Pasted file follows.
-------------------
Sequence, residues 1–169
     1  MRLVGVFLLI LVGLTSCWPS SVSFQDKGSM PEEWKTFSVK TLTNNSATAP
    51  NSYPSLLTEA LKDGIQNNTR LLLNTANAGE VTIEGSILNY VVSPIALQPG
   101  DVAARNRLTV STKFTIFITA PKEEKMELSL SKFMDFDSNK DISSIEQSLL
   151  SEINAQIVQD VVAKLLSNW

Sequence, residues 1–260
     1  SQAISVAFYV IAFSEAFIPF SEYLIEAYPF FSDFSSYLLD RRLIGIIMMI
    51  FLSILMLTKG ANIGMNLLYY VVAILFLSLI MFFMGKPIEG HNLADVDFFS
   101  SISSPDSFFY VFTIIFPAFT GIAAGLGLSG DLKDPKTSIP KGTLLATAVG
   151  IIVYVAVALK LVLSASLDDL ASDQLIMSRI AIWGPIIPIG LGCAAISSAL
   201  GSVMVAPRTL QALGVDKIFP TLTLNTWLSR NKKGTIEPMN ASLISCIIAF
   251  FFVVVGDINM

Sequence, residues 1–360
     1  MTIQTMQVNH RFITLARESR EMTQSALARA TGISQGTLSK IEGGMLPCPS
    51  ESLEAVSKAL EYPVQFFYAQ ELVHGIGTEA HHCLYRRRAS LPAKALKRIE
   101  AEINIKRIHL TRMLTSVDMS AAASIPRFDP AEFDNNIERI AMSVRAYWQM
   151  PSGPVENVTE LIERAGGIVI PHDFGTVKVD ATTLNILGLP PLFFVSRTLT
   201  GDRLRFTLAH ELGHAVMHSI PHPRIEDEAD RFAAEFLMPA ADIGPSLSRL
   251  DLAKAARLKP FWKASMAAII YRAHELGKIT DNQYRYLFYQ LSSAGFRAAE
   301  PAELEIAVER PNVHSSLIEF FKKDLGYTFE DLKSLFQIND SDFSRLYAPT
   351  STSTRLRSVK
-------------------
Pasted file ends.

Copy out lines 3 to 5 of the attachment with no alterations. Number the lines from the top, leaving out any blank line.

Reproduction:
    51  NSYPSLLTEA LKDGIQNNTR LLLNTANAGE VTIEGSILNY VVSPIALQPG
   101  DVAARNRLTV STKFTIFITA PKEEKMELSL SKFMDFDSNK DISSIEQSLL
   151  SEINAQIVQD VVAKLLSNW